I started my career with the belief that your company has one tech stack, the chief architect chooses it when the company is founded, and that you never ever rewrite it because you're in for a world of pain if you do.
I learned that basically no company that experiences hyper-growth ever does this. Instead, the founder chooses a tech stack based on whatever he knows best and will let him write a v1 quickest - whether it be Java (Google), Perl (EBay), PHP (Facebook), or Common Lisp (Reddit). The first few employees collectively say that the founder is an idiot, choose a different tech stack (usually whatever's hot right now - probably Go or Node.js at this time, Python or Rails in 2005), and rewrite the whole product. They hire an experienced VP who says that the first few employees are idiots, chooses a different tech stack (often the tried and true enterprise favorites of C++ or Java), and dictates that everyone rewrite the product. Eventually, managers with more recent experience in that language get hired, who collectively say that that VP was an idiot, and the real way to do C++/Java is with Guice, Boost, C++11, etc, and rewrite the product that way. Development grinds to a halt, and the company buys a bunch of hot startups who wrote in whatever language they were familiar with, who are technical idiots but managed to build a product that everyone likes.
In this context, Parse and other BaaS providers makes a lot of sense. You can get your v1 product out there really quick, get customer feedback, improve it, take VC, and hire lots of programmers to call you an idiot and rewrite your product into something saner. Then you get bought, everybody at the new company thinks you're an idiot, but you have at least cashed out. Or you don't get bought and hire a VP who'll force you to rewrite your product, but at this stage you have so much of a market lead that it doesn't matter, and the BaaS got you to the point where you have the resources to free yourself of it.
(I wonder if I'll end up tripping some HN flamewar auto-detector with the number of times I've said "idiot" in this post...)
(I believe Etsy had a policy of rewrites needing to support current needs multiplied by five. This acknowledges that there's a reasonable trade off between current needs and future-proofing.)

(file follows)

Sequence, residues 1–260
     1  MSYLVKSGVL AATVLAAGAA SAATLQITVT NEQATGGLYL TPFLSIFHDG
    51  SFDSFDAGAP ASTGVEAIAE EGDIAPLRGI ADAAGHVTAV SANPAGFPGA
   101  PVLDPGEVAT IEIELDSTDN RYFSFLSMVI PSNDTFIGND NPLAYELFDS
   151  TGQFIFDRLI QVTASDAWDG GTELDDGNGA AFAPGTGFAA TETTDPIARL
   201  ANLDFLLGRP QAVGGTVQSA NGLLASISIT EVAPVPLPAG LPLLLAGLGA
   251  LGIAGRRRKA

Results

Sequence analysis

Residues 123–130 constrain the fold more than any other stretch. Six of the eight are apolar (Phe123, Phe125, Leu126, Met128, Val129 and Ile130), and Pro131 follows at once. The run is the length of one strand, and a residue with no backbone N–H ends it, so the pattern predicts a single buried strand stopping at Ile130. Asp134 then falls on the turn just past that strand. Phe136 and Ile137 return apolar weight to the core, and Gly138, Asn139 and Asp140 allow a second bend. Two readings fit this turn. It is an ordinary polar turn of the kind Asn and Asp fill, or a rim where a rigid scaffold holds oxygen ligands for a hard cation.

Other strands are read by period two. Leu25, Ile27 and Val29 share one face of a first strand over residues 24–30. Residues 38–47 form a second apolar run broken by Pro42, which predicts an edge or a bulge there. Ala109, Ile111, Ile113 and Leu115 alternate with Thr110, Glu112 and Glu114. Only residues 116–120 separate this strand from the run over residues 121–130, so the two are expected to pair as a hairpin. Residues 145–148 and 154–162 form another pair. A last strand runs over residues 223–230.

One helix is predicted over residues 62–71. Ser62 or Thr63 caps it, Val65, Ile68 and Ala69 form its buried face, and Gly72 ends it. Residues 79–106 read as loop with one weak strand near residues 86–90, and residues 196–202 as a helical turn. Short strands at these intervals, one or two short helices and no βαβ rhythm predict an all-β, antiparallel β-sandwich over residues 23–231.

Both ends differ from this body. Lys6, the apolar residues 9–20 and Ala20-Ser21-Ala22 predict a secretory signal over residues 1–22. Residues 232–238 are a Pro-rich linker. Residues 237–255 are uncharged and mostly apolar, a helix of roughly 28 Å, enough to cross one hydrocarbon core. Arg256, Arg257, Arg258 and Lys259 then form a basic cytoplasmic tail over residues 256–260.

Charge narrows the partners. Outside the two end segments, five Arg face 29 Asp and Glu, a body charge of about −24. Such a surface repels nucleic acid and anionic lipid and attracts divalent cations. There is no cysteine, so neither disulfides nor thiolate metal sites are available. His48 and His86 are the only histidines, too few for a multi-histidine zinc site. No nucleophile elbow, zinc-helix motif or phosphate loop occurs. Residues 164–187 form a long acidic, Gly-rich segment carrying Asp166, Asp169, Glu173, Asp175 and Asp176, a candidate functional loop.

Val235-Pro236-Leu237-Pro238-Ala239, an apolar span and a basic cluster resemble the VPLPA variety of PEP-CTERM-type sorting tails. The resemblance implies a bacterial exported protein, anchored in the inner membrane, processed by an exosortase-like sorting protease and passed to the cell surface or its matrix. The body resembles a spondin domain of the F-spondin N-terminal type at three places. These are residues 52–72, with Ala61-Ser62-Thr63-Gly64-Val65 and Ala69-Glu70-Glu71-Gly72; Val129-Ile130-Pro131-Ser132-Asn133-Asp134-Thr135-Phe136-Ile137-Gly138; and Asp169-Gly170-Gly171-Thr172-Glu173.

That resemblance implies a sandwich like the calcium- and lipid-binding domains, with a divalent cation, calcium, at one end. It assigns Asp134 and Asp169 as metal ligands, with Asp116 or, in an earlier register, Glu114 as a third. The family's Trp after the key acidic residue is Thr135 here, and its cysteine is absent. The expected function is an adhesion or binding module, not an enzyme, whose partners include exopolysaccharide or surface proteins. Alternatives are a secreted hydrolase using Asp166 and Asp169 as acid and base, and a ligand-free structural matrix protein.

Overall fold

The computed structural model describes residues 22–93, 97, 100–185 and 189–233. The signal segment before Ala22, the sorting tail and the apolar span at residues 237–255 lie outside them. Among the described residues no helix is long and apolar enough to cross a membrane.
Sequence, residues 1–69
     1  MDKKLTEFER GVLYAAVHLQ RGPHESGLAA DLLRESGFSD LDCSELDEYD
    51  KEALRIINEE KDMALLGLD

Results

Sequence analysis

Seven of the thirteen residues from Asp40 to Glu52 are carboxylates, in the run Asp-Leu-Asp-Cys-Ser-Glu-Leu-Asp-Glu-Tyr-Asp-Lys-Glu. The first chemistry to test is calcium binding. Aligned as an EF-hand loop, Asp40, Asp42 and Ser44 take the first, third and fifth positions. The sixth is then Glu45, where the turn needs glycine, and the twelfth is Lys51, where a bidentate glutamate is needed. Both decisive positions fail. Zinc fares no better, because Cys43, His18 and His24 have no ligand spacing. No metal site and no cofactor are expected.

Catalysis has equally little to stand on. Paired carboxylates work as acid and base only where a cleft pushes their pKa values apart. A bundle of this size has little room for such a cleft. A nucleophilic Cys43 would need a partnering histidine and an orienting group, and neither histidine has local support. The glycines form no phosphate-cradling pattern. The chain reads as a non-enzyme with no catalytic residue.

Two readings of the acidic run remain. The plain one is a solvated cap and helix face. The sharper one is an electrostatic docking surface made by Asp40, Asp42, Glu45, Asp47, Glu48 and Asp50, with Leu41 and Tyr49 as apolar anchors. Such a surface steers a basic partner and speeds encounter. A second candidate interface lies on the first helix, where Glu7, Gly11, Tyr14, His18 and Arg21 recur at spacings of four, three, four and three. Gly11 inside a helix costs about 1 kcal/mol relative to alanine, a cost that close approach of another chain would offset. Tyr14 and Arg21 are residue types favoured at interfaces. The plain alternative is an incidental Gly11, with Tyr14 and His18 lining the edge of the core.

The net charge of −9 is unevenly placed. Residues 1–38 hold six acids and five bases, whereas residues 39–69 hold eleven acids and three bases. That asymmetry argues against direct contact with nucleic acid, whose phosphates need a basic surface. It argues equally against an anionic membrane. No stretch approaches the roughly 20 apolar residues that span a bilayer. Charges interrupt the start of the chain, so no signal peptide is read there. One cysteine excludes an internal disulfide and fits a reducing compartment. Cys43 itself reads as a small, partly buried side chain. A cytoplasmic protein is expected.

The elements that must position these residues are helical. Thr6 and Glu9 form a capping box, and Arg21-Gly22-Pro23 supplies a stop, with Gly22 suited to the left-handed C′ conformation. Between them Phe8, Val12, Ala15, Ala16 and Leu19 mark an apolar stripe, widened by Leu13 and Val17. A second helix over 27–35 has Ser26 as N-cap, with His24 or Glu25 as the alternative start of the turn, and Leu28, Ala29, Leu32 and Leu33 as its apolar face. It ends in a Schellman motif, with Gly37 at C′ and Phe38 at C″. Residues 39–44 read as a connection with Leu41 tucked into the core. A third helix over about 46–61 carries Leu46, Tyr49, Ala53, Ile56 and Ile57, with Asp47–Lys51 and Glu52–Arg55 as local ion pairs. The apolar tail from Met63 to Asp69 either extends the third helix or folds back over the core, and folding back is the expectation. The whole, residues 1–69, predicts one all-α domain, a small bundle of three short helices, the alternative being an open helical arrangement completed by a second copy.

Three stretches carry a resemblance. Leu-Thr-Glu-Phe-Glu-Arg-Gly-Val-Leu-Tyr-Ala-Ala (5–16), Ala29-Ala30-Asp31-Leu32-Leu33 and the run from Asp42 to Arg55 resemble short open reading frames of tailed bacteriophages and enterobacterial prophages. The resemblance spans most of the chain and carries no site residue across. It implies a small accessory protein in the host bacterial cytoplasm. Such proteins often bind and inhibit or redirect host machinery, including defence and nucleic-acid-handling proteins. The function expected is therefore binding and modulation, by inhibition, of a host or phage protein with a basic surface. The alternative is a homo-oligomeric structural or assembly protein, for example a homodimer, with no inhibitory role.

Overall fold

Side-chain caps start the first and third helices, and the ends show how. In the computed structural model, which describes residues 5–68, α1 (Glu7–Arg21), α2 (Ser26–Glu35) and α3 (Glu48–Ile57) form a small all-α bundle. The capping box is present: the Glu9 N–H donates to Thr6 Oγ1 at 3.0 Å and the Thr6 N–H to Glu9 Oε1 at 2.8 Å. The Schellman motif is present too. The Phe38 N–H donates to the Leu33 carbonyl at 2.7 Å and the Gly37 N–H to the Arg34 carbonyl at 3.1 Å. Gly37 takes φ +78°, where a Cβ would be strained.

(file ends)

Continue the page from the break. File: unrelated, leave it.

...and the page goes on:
Less wrong: "made architectural choices based on personal preferance"
Don't be such a politically correct idiot!
The business requirements to the architecture — not functionality! — change over time. At first, you have to be lean as hell and try a lot of different stuff. Then, you need to scale, and performance becomes an issue. Some time afterwards, you want to add more features to increase monetization and retention, and here you start needing good, abstracted out architecture for all this stuff not to interfere with each other. And finally, you find the sweet spot, and start to really care about bug-free experience, maintainability and reliability.
And all these different business priorities are best suited by different languages, different design approaches, different architectures and people with different personality traits.
Though, that being said, I'd actually recommend Elixir, which gives you the same Erlang-ecosystem benefits, but with the key advantage of being 5x easier to convince the average Ruby/Python developer to use.
Only the particular languages and frameworks change, but the patterns remain the same.
If you had tried out Parse right when they got acquired by FB, chances are you would either have a fundable business that can hire engineers to move to your own infrastructure, or you would know that your business idea doesn't work. Either way, you no longer need Parse.
Similarly, the shutdown mostly affects "zombie" businesses - the ones that aren't dead, but aren't growing either - because in a year, you should be able to figure out whether or not your business concept has legs.
While it was not 'idiots' that was the reason, the later developers always had just enough more data on the assumptions to be made for the current revision. But then again, not enough to foresee the need for a fresh rewrite when things changed again in the future. Sometimes, the rewrite was essential, sometimes it was just on a subjective whim to build a silver bullet once and for all!
I've worked in startups that tried to implement the "1-2 languages only" (usually Java and Jython/JRuby/Groovy) policy as a startup, and they didn't go anywhere. That team of prima donnas who is willing to mortgage the startup's future in order to ship an awesome product seems to be a necessary feature of startup success, and only successful startups get to hire the team of professionals who will button down everything, choose "official" languages, and build tier-1 infrastructure. So yes, it's incredibly unfortunate, but this is the industry we live in. Pick which role you wish to occupy accordingly.
I've thought this myself but never put the words together so clearly
Google as written by Larry Page was done in Java. It was rewritten in Python by Scott Hassan before the company was incorporated. As of 1999, the webserver and crawler were still in Python. It was almost completely rewritten (multiple times) in C++ shortly thereafter for efficiency. Most of the Google Apps (GMail, Docs, Plus, etc.) are written in Java. The webserver for Search shifted over to a combination of Java and two different DSLs in 2010; I worked on the implementation of this. My comment is lightly paraphrased from a remark Larry Page gave when asked why Google doesn't adopt more modern programming frameworks like Rails or Node (it was in 2011, when both of these were still state-of-the-art).